WNBC’s Ida Siegal Takes on New Assignment: Children’s Author

Headshot - goodShe’s been a mainstay on WNBC for a dozen years. But Ida Siegal is now finding a different audience. Siegal just penned her first children’s book series, Emma Is on the Air, which chronicles an eight-year-old with dreams of becoming a TV reporter.

Siegal’s idea came directly from her own experiences covering stories.

“When I’m out in the field and I’m in the NBC News truck, we get approached by children all the time,” Siegal tells Tuned In.

She says those inquisitive kids usually ask if Siegal is famous and how can they get on TV.

“There’s a real, genuine enthusiasm with these children, and it doesn’t matter who the child is, what the economic background is, what neighborhood we’re in; it’s pretty much across the board everywhere we go,” Siegal says.

She fills a void by teaching curious children about journalism, thanks to Emma’s make-believe reporter experiences. Siegal takes it step further, putting the lead character in the first person.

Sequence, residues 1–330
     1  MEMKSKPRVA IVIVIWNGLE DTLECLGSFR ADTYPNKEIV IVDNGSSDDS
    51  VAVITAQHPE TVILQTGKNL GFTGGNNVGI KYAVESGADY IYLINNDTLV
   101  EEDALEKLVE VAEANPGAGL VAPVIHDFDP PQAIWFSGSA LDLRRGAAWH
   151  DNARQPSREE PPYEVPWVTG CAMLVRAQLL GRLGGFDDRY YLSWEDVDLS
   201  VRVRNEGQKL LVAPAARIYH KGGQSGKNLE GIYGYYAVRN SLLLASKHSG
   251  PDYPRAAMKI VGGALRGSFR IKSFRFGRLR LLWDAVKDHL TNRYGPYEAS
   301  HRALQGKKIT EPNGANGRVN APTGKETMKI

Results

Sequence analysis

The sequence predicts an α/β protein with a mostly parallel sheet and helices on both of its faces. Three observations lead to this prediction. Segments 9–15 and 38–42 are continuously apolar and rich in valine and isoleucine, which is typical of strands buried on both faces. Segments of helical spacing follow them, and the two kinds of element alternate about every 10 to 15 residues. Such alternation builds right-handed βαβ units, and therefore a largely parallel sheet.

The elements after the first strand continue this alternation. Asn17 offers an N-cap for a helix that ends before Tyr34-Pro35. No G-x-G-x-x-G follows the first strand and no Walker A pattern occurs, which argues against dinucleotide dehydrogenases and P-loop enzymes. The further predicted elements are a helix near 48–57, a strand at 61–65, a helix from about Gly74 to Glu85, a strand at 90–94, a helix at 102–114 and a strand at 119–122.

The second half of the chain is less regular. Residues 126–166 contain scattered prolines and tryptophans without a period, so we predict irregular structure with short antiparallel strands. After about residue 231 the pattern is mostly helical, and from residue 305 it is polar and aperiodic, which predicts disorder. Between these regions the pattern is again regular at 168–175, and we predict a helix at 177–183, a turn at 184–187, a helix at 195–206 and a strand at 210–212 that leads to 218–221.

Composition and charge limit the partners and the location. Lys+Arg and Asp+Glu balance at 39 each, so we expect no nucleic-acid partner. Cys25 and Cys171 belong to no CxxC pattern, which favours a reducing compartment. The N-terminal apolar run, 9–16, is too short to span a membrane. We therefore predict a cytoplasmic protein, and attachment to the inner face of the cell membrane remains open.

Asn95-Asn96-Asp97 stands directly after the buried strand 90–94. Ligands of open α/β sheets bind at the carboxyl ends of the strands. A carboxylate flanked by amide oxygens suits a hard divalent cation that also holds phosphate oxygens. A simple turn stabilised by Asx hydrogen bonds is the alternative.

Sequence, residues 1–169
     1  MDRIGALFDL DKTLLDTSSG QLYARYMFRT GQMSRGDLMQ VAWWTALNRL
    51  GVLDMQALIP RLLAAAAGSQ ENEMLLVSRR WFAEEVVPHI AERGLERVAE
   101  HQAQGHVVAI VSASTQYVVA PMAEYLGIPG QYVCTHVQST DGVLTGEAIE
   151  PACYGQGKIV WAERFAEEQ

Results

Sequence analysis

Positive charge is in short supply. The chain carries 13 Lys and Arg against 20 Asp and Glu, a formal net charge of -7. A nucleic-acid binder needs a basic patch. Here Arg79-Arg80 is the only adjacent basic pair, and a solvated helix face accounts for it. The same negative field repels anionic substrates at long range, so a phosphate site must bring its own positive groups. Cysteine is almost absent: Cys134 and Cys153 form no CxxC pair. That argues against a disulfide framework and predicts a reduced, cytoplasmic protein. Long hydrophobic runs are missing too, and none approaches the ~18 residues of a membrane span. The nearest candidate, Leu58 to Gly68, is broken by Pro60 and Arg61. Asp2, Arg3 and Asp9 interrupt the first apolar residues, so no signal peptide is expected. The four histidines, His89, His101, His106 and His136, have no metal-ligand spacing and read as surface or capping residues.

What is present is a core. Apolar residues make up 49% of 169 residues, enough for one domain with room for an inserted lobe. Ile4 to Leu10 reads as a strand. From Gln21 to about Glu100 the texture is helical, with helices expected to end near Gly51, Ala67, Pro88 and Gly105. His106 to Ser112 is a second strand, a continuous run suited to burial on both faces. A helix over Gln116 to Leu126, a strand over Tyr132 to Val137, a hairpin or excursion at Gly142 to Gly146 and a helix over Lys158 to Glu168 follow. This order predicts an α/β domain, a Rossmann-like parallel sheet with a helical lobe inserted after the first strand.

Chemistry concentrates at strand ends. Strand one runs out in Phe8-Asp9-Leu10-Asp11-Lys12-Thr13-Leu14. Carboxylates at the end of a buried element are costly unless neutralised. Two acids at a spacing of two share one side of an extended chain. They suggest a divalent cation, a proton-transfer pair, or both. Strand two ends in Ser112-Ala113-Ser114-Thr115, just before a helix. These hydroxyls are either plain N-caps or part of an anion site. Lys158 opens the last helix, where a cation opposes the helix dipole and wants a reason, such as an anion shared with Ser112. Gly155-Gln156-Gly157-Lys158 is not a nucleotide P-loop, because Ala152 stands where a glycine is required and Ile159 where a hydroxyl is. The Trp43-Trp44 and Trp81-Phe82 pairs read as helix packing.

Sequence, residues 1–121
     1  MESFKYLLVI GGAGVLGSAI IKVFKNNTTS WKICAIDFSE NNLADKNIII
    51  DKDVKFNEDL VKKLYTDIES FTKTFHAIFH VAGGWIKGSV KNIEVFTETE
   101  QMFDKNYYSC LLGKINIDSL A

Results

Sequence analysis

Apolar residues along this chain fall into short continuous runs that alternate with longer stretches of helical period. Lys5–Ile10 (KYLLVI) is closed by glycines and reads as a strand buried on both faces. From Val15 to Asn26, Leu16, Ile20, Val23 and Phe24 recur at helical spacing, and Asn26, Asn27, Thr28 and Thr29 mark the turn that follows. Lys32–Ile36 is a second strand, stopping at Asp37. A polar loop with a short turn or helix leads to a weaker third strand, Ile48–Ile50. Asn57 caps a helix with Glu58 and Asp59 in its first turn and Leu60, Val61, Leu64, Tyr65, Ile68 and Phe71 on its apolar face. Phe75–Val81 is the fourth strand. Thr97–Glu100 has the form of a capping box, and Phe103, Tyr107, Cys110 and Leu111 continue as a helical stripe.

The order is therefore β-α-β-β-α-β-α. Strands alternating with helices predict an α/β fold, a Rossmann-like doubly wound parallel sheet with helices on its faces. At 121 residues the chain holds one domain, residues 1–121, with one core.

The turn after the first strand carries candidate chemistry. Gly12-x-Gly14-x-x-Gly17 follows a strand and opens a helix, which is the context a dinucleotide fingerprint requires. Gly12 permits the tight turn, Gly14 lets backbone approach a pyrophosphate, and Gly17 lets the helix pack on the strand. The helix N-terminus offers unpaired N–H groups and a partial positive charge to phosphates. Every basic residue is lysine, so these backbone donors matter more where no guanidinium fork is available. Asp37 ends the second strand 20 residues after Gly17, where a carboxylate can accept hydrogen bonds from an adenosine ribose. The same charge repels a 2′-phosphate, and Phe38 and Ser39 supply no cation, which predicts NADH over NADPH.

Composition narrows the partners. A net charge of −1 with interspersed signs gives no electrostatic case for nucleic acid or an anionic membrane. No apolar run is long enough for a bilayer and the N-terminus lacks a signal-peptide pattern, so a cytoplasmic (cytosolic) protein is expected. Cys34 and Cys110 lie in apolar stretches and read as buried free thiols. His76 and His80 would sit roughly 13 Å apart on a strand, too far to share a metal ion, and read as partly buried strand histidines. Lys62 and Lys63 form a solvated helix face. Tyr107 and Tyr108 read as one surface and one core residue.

Emma Cover hi res“I started writing and I realized it was very hard,” Siegal admits. “It was a lot more difficult than I thought it would be. My first few incarnations of the book were terrible.”

After a couple of years of countless rejections, attending conferences and paying to have her manuscript analyzed, she was welcomed at Scholastic.

The Channel 4 reporter says the book is not autobiographical, but she would have enjoyed reading it as a kid. Growing up, Siegal was planning to be an actress, like her mom.

“I ultimately switched paths after I met Peter Jennings,” Siegal says.

The career change took place thanks to participating in the first Take Our Daughters and Sons to Work in 1993. The organization came to her Manhattan high school seeking volunteers where she was smitten by the ABC News anchor.

“I thought he was phenomenal. I told my parents, ‘I thought I’d met the smartest man in the world.'”

While Siegal isn’t basing the characters on her own life, she doesn’t go far for inspiration.

“Emma’s look and her curly hair is all my daughter, and her kooky, spunky personality is all my son.”

They also were the perfect test audience as her book came to life.

“Once it was put together I would read it to them and see what they thought of it,” Siegal admits. “They thought it was hilarious.”

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